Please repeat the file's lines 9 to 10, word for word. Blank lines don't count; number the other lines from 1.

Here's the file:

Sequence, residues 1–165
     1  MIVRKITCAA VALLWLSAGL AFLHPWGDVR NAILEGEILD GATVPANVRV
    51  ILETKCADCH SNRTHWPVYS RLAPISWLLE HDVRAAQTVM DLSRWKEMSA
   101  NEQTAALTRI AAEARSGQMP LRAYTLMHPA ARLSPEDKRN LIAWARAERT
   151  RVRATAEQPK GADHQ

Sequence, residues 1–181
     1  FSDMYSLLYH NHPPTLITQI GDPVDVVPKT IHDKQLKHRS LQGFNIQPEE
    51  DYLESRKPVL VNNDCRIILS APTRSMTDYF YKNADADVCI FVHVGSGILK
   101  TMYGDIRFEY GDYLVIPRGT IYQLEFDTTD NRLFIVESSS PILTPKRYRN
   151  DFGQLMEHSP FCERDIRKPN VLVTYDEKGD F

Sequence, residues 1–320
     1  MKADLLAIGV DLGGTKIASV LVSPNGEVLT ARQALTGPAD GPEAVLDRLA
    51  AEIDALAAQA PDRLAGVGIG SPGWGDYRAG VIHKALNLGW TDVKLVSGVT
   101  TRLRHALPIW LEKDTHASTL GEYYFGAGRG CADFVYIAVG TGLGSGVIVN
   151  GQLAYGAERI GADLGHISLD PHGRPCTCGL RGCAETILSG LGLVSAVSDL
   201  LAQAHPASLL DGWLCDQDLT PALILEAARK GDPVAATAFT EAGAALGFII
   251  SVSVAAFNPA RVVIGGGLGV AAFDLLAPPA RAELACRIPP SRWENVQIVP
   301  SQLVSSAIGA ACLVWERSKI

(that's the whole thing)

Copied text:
   101  TMYGDIRFEY GDYLVIPRGT IYQLEFDTTD NRLFIVESSS PILTPKRYRN
   151  DFGQLMEHSP FCERDIRKPN VLVTYDEKGD F